Few high risk stroke patients taking blood thinner
If you are at a high risk for blood clots, you could be missing your chance to decrease your risk of stroke, according to a study released Tuesday.
More than half of high-risk patients were either not taking any or the right amount of blood-thinning medication at the time of their stroke, according to the study, published in Stroke: Journal of the American Heart Association.
Blood clots can form in the upper chamber of the heart when it beats irregularly or fibrillates. Clots can travel to the brain and block an artery, which can lead to a stroke.
Warfarin, a blood-thinner, reduces the risk of stroke by 70 per cent, and can also reduce the severity of a stroke.
Only 40 per cent of patients who suffered an ischemic (clot-caused) stroke had been taking warfarin prior to their brain attack. Three quarters of those patients getting the drug were not taking the right doses necessary to prevent a stroke.
"These are missed opportunities for stroke prevention," Institute for Clinical Evaluative Sciences (ICES) investigator Dr. David Gladstone said. "Sadly, we frequently see patients admitted to hospital with a devastating stroke who are known to have atrial fibrillation, yet were either not taking warfarin or were taking a dose that is not therapeutic. We consider these to be potentially preventable strokes."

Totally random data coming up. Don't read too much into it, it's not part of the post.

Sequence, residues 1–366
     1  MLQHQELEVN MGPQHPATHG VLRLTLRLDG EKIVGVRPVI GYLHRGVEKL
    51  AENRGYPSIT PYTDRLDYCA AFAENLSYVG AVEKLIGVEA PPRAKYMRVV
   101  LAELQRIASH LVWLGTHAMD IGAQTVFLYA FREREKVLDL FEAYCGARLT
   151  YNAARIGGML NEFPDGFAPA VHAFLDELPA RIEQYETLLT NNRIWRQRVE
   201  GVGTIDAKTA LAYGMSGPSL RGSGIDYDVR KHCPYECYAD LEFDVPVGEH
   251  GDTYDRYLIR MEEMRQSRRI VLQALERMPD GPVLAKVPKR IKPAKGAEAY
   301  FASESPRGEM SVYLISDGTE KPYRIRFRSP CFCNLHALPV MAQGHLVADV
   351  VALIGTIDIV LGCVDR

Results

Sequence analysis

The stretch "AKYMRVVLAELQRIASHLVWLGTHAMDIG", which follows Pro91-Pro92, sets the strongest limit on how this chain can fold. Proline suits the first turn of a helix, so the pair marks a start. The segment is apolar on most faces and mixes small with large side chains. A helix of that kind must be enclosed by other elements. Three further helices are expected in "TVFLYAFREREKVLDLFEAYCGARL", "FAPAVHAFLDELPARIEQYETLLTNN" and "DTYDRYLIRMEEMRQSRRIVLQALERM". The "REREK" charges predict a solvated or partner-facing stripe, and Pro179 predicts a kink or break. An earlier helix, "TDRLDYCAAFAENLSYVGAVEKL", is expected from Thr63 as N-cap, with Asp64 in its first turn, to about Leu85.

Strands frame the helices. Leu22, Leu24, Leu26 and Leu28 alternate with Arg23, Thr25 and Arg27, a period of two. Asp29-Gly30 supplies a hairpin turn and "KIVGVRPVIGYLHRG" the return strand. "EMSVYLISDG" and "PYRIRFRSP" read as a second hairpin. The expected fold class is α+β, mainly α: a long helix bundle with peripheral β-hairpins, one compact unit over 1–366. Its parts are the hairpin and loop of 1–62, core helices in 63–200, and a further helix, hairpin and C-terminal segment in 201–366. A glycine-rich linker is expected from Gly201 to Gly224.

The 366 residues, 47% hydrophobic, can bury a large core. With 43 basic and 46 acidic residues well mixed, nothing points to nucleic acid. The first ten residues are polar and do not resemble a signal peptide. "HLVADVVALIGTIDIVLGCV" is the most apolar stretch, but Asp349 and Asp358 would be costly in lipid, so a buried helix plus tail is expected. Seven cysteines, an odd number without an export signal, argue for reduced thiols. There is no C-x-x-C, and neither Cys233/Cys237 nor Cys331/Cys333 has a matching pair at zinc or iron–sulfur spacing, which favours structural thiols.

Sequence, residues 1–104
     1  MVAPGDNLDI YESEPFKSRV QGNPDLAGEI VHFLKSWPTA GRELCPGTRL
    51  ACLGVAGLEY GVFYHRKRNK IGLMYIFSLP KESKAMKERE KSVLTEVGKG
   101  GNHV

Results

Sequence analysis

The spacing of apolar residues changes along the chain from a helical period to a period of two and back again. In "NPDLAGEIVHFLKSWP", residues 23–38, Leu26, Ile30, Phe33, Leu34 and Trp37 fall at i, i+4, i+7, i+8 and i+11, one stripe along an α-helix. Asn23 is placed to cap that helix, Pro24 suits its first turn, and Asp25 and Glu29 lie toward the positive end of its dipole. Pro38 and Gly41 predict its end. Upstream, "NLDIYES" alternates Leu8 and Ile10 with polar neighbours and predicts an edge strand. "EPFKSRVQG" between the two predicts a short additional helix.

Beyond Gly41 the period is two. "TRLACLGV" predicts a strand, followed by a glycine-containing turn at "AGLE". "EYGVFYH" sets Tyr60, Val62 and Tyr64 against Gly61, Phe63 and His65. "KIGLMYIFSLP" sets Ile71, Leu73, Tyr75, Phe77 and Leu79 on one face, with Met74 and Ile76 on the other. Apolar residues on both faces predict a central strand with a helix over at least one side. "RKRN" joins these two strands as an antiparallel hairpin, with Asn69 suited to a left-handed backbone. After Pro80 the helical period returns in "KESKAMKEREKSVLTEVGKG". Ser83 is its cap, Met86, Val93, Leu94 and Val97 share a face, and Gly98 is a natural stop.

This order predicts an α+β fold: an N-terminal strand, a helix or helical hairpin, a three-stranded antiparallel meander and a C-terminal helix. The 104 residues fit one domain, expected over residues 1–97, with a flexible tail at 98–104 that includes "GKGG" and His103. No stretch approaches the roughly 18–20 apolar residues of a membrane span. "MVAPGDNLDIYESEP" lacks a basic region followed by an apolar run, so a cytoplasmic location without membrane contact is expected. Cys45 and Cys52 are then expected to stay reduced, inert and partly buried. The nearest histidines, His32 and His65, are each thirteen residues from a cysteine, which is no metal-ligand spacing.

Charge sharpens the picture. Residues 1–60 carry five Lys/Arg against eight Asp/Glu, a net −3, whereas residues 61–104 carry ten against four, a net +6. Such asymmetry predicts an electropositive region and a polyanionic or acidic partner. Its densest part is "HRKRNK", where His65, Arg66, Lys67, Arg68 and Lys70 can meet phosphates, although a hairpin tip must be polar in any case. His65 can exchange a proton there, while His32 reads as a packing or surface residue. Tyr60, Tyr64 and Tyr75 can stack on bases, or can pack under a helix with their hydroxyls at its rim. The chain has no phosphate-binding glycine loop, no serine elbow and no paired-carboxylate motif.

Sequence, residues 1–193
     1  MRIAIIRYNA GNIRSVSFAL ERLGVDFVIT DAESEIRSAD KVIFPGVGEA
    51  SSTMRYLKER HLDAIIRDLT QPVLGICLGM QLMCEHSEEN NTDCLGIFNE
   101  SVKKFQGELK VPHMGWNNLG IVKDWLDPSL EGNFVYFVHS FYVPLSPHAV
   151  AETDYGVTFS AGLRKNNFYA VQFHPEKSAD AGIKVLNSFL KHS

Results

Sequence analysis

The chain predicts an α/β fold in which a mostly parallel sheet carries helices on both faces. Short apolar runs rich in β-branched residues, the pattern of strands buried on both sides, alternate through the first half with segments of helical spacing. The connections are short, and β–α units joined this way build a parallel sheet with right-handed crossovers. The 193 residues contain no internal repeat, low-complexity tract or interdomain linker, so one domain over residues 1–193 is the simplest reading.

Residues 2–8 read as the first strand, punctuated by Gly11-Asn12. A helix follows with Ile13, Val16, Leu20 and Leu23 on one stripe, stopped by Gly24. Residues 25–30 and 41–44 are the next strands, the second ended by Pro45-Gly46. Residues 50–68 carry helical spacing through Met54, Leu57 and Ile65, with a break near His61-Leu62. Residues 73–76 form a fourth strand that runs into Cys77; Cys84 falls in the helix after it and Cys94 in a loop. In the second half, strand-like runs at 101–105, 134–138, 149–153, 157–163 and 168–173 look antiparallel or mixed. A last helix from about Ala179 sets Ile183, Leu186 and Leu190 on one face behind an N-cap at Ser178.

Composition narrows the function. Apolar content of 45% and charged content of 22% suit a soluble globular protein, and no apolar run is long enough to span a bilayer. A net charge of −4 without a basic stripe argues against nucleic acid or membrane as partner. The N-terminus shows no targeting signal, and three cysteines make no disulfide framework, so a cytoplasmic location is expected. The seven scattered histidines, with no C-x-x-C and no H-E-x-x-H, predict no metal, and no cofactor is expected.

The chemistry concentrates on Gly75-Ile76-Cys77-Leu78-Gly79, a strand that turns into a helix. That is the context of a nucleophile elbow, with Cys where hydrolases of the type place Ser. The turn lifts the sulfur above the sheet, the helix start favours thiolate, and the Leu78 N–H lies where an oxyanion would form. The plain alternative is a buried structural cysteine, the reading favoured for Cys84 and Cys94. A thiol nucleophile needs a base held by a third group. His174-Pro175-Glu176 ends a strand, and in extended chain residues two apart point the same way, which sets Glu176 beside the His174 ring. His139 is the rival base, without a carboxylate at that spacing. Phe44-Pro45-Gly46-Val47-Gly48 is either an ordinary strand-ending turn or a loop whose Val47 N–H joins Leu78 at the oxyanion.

Canadian researchers analyzed data from 2,135 stroke patients and studied 597 with atrial fibrillation, a heart disorder that cause clots, who had suffered an ischemic stroke. The strokes were disabling in 60 per cent of patients and fatal in 20 per cent, they found.
The findings are "particularly troublesome" because the patients were considered to be ideal candidates for warfarin.
"It's a tragedy. On one hand we have an extremely effective and cheap medication for stroke prevention...and on the other hand it remains under-used in people who would benefit most from it," Gladstone said.
Researchers say their findings encourage improving patient care, such as providing more specialized anticoagulation clinics.
"This is a public health priority because atrial fibrillation is one of the most common causes of stroke," Gladstone said. "Many more strokes could be prevented if anticoagulation therapy were optimized in the population at risk."